• Rhythm and musical talent
  • Willingness to learn

Considerations and Strategies to Consider

  • A direct approach to learning rather than a discovery-based approach
  • Rote memorization, repetition, and concrete examples
  • One-on-one or small group instruction
  • Several small tasks rather than large assignments or multiple directions
  • A structured environment with clear rules to follow
  • Computer assisted learning and keyboarding
  • Reading aloud and books on tape
  • Extra time for test taking. Oral tests, not written and not timed

Note:

A neuropsychological evaluation is the widely accepted method schools use to determine need of special education services. While this testing can offer assistance with IEP planning, the results describe impairments and can’t explain the mental processes the child is using. A growing number of cognitive experimentation studies are being done to further our knowledge and will hopefully make for better education of children with 22q11.2DS in the future. (Landsman, Simon)

  • IQ testing is not an accurate predictor of school performance in children with 22q11.2DS.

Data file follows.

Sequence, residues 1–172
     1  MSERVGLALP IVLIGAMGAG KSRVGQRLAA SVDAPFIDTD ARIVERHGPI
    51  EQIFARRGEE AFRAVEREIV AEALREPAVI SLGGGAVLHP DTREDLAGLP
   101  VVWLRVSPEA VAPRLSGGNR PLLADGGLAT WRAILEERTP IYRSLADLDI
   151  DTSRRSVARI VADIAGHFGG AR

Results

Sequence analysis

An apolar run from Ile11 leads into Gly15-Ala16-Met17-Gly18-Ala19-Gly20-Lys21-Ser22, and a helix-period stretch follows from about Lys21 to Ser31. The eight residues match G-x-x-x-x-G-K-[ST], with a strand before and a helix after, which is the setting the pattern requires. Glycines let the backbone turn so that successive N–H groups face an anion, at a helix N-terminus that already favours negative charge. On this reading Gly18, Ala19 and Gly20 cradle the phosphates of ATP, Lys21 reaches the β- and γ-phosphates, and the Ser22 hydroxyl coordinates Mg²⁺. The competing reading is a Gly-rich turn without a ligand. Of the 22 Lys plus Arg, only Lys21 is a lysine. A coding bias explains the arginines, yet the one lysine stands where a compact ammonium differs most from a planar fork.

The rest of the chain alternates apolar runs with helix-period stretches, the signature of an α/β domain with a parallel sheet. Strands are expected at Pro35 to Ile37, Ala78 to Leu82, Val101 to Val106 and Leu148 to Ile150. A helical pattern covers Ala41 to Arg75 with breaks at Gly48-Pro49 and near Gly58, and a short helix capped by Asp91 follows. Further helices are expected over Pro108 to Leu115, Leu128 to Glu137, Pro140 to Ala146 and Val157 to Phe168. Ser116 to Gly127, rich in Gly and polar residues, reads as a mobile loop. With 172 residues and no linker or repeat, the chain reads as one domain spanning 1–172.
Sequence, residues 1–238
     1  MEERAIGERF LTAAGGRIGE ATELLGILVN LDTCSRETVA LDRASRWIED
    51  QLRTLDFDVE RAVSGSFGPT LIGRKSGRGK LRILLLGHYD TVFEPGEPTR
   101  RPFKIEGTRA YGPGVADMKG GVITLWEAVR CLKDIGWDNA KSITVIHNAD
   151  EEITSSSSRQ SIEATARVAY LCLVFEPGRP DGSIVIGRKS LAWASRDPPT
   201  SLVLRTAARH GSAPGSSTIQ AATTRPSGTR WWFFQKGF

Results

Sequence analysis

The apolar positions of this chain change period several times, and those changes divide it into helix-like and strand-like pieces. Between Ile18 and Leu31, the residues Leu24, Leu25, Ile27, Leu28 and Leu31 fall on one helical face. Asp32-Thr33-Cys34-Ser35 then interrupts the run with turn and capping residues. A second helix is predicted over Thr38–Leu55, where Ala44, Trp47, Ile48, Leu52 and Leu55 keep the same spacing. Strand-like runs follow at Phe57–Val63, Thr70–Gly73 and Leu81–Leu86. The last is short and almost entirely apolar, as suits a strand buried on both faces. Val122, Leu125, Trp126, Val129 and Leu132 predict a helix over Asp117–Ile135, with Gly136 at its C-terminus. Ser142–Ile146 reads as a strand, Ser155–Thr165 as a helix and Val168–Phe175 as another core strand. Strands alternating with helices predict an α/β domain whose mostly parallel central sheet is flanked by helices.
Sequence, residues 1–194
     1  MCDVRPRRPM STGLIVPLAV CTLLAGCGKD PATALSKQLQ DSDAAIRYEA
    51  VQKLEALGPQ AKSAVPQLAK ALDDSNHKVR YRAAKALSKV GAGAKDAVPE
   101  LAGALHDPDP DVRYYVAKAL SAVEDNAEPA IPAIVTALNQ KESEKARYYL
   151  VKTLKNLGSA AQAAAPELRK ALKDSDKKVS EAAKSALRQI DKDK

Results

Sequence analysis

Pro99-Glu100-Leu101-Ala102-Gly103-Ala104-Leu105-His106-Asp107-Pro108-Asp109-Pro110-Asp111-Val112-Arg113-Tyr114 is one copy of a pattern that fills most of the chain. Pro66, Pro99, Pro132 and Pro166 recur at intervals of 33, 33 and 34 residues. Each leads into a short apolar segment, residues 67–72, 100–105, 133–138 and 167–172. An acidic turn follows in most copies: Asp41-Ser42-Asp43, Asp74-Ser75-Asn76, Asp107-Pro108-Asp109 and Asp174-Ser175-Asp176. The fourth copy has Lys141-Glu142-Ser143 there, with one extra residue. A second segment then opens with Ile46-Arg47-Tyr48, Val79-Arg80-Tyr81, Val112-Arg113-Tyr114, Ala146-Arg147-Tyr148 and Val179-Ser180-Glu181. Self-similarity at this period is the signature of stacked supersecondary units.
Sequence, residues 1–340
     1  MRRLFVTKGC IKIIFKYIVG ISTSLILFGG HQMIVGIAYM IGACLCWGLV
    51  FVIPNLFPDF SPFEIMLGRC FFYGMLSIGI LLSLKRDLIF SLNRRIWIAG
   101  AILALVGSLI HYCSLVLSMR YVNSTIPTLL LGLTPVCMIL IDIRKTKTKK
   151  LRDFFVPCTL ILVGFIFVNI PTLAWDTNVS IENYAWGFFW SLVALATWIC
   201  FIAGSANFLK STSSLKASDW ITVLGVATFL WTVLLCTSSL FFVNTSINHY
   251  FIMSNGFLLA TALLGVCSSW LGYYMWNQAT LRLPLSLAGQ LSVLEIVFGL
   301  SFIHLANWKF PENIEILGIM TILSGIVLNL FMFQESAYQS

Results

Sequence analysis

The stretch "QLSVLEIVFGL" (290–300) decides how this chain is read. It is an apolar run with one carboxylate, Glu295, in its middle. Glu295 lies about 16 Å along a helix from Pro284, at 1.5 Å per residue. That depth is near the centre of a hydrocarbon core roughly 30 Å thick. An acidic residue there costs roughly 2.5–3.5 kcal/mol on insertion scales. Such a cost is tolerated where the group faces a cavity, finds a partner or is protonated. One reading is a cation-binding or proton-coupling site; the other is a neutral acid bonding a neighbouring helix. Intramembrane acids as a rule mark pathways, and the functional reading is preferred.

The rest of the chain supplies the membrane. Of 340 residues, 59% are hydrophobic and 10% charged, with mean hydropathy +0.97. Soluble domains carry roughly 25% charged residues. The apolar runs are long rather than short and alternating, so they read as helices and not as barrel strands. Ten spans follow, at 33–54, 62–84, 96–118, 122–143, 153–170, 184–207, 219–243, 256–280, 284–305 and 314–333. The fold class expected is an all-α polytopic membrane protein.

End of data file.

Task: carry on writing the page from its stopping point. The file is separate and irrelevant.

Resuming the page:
• A low IQ score is not necessarily predictive of learning ability and should never be used as the sole reason to place a child in a restrictive classroom.
  • Learning is a life-long process. As a parent it’s advantageous to communicate with your child’s teachers frequently – and with your child – regarding progress at school. Student, teachers and parents are a team whose goal is helping your child reach his or her potential.
  • Know your rights and responsibilities
  • Do your best to build a strong relationship with your child’s teacher
  • Strive to create a great relationship with the school

If you’re feeling overwhelmed, reach out to the 22q community for support. You are not alone! Click Here *Insert link to PDF found under “22q for Teachers” Tab* for a Teacher’s Guide to 22q

Sources and Resources

Educating Children with Velo-Cardio-Facial Syndrome (also known as 22q11.2 Deletion Syndrome and DiGeorge Syndrome) Second Edition. Donna Cutler-Landsman. Plural Publishing, Inc. 2013.
http://www.vcfsef.org/about_vcfs/educating_child.html
Educational Issues for Children with Chromosome 22q11.2 deletion
http://www.ucdmc.ucdavis.edu/mindinstitute/research/cabil/presentations/...